Team ulaunch explains Audi’s policies on fighting climate change and their Sustainability Project named Mission Zero
Audi is a German automobile manufacturer that designs, engineers, produces, markets and distributes luxury vehicles. It is a wholly-owned subsidiary of the Volkswagen Group. However, the growing trend for widespread car ownership, combined with a rapidly growing population, is causing unprecedented harm to the planet. Tackling this is a challenge faced by every major player in the automotive industry. In this scenario, Audi promises to realise their vision for the future: mobility with a clear conscience.
Q. What are the actions Audi is taking towards tackling climate change?
- Audi is working to reduce its carbon footprint by ensuring that its operations that strictly adhere to environmental, social, and governance (ESG) targets.
- They are trying to achieve this by integrating ESG criteria into their long-term management processes.
- As a result of this, Audi has also started the “Mission: Zero” environmental programme.
Q. What is Mission Zero?
The Mission: Zero programme is a recent initiative by Audi where the focus is given on four action areas: decarbonisation, water usage, resource efficiency, and biodiversity. The Sustainable Development Goals (SDGs) of the United Nations act as a guiding principle for this programme along with the environmental mission statement of the Volkswagen Group.
Objectives of the four action areas :
- Decarbonisation: Audi sites will become carbon-neutral on balance by 2025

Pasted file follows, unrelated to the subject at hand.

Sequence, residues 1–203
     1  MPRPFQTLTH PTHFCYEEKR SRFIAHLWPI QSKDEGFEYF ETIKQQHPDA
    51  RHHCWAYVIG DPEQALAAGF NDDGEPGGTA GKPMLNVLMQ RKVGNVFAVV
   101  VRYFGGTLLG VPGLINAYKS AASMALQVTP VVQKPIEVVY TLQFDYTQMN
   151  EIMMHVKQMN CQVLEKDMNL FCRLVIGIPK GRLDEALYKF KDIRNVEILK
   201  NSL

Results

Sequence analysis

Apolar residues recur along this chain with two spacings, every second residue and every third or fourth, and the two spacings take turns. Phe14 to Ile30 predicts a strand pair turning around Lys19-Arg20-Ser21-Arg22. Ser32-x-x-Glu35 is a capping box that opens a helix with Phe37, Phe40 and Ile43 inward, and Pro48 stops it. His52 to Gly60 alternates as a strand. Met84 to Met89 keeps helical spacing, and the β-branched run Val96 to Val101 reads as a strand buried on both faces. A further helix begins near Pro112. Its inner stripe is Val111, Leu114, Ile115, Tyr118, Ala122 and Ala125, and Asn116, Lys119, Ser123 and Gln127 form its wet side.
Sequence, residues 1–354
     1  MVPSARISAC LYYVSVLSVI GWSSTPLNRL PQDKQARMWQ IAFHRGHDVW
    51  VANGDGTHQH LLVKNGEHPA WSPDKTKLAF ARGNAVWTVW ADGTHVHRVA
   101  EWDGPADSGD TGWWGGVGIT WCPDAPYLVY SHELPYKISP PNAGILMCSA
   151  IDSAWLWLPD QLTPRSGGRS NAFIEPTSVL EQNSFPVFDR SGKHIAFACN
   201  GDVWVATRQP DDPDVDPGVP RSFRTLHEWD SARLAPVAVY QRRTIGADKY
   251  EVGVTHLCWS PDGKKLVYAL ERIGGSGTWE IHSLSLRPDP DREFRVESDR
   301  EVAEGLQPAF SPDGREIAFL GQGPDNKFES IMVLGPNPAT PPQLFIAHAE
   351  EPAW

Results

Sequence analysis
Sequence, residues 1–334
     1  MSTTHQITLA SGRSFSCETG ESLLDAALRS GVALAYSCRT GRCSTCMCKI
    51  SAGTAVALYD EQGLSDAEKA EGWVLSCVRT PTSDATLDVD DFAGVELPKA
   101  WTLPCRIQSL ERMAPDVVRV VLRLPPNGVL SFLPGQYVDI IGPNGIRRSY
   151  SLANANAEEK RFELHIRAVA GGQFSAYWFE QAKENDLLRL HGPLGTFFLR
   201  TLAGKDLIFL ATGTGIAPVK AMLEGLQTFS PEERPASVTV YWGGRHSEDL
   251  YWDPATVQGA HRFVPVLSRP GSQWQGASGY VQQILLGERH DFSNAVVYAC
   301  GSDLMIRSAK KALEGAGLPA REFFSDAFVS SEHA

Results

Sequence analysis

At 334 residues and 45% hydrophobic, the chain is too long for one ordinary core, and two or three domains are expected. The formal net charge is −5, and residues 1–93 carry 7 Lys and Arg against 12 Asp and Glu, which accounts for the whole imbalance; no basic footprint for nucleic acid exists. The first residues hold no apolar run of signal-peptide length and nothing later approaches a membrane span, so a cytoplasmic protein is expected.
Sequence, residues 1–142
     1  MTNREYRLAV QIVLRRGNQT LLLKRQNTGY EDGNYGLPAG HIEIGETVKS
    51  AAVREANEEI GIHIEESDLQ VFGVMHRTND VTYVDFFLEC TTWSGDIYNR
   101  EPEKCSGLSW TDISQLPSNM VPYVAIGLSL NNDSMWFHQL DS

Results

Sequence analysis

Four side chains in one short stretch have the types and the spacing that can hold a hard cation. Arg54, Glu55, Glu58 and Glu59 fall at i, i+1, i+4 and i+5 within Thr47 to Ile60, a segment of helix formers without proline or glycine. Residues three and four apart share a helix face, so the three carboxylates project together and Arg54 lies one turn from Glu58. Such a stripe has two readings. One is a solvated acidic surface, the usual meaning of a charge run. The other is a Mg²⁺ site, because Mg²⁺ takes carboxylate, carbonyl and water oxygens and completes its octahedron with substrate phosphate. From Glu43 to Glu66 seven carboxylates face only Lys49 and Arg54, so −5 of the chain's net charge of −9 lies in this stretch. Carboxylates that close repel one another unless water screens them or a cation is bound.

- Water usage: Closed water cycles and wastewater-free production sites
- Resource efficiency: Circular economy and effective and efficient use of raw materials
- Biodiversity: Projects for protecting and preserving biological diversity at all Audi sites
Q. What are the emission sources at Audi along its value chain?
- Scope 1 covers direct emissions from combustion processes of stationary and mobile systems, emissions from processes, and emissions from volatile gases.
- Scope 2 emissions are produced, for example, from energy sources purchased externally and consumed by the company: These are indirect emissions from purchased electricity and district heating/cooling systems, and from purchased steam.
- Scope 3 creates a distinction between upstream and downstream activities. Upstream activities relate, for example, to emissions generated on the supplier side from manufacturing the product from raw materials up to the point of delivery to Audi (cradle-to-gate). Business trips and waste produced are also included in this scope category. Downstream activities include, for example, emissions from transporting products sold and those generated by the end customer in the use phase of sold goods.
Q. How is Audi helping preserve biological diversity?
- Audi is focusing on the efficiency of its processes and water cycles at its production sites.
- It plays its part in countering the increasing consumption of land around the world.